Cosmic rays reveal erupting volcano's guts

COSMIC radiation has been used to peer inside an erupting volcano, a technique that could allow eruptions to be predicted.

Short-lived particles called muons are produced in Earth's atmosphere when charged particles from space slam into gas molecules. These muons can travel through solid rock, though some get absorbed, and the percentage lost depends on the mass of material along their path.

A team led by Hiroyuki Tanaka of the University of Tokyo, Japan, had already shown that muons can reveal the mass of material inside a volcano. Now the team reports observations of Japan's mount Asama during an eruption on 2 February that spewed ash up to 20 kilometres away.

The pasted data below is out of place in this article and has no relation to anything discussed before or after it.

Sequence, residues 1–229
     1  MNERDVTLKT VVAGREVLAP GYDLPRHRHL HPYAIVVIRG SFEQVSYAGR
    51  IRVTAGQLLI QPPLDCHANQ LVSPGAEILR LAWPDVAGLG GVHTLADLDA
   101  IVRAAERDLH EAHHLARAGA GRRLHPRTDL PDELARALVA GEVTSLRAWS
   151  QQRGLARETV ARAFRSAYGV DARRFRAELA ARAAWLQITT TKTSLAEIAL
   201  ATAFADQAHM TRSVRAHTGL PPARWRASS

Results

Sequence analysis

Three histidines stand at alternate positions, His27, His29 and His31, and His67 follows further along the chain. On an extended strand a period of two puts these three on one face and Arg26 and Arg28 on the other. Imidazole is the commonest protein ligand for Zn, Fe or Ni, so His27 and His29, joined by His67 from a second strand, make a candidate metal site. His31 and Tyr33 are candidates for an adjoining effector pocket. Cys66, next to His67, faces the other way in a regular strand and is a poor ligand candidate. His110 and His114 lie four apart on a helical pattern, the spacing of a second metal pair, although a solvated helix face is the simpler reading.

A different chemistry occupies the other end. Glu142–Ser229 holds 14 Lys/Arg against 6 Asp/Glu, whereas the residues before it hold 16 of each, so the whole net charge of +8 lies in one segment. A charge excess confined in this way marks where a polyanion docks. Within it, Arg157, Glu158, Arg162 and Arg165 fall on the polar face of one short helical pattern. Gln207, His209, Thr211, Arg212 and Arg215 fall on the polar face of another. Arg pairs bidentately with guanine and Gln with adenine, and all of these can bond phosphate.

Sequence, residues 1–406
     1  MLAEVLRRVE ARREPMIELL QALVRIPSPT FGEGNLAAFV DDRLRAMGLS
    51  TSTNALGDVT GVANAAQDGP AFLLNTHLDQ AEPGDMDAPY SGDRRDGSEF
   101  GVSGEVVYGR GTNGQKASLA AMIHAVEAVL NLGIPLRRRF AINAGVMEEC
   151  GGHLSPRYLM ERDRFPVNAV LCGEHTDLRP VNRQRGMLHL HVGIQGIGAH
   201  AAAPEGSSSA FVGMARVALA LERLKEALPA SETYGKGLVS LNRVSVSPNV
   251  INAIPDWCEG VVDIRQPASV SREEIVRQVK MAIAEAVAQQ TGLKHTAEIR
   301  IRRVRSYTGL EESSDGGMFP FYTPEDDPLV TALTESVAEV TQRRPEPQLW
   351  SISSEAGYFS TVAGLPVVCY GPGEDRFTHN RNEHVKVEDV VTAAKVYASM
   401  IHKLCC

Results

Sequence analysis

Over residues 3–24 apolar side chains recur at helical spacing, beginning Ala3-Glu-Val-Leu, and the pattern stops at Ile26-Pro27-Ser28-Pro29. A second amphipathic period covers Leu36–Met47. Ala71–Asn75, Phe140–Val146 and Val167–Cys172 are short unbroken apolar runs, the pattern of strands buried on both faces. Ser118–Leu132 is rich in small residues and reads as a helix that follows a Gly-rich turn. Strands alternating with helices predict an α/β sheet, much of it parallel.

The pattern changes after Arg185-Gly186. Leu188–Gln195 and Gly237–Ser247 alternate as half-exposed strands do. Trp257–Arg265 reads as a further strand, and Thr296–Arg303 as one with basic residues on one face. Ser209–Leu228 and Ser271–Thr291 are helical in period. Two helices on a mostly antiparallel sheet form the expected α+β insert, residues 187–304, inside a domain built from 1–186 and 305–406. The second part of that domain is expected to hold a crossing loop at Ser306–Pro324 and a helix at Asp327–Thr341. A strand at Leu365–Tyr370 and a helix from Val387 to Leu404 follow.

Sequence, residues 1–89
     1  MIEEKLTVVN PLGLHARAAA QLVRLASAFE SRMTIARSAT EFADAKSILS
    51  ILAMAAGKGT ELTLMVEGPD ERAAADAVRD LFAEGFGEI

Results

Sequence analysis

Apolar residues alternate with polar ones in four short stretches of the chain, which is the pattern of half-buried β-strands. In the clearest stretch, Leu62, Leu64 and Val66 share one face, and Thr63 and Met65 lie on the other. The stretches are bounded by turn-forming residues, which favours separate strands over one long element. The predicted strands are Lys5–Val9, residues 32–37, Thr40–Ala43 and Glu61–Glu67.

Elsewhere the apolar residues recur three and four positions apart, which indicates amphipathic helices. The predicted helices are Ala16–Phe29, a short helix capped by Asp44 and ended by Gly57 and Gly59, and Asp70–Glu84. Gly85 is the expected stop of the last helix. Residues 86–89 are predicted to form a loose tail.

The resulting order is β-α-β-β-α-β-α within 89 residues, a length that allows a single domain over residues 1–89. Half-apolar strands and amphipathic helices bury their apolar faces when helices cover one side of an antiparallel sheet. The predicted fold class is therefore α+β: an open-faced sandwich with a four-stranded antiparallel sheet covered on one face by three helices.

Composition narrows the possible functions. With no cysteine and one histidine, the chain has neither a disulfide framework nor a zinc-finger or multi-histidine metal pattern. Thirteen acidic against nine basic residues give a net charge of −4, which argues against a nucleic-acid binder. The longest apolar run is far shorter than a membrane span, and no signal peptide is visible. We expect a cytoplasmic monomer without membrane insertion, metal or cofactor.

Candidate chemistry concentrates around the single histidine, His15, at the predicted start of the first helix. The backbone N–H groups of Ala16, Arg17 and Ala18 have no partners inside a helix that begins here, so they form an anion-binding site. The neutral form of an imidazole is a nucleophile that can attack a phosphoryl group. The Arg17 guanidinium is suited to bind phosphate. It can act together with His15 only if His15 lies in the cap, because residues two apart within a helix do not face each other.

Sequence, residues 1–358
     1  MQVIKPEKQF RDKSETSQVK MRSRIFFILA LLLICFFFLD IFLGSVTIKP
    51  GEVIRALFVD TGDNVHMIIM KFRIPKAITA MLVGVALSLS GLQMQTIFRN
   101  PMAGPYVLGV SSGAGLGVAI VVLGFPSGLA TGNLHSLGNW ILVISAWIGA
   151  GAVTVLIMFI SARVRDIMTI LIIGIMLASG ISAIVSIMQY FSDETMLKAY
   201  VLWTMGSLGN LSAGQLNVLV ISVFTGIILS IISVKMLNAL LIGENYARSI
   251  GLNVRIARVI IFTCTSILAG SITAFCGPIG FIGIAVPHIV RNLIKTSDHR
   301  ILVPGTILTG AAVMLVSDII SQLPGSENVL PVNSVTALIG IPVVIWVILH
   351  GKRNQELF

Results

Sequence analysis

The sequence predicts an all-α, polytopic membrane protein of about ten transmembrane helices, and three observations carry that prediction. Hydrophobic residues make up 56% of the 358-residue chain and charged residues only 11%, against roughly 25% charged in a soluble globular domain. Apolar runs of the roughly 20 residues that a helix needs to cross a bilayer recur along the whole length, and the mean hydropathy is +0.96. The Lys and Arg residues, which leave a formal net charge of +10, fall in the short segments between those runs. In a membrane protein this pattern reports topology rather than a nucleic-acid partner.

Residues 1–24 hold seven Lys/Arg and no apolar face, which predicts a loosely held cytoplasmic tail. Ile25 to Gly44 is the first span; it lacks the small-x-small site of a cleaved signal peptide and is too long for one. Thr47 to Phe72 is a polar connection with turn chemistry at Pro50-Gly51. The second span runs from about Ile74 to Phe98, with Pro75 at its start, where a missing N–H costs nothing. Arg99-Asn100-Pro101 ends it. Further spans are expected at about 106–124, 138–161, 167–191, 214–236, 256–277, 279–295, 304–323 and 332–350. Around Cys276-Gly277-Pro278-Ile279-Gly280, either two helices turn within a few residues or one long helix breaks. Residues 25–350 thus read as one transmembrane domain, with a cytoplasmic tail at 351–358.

Measurements from before and after the eruption show that between 11,000 and 70,000 tonnes of material left the volcano, agreeing with estimates of the total ash fall at 50,000 tonnes.

The technique might eventually be able to show shifting magma or other changes portending an eruption, says physicist Roy Schwitters of the University of Texas in Austin. Muons are easier to interpret than seismic waves. "The images you get are not confused by whether the rock is fractured or other details," Schwitters says.


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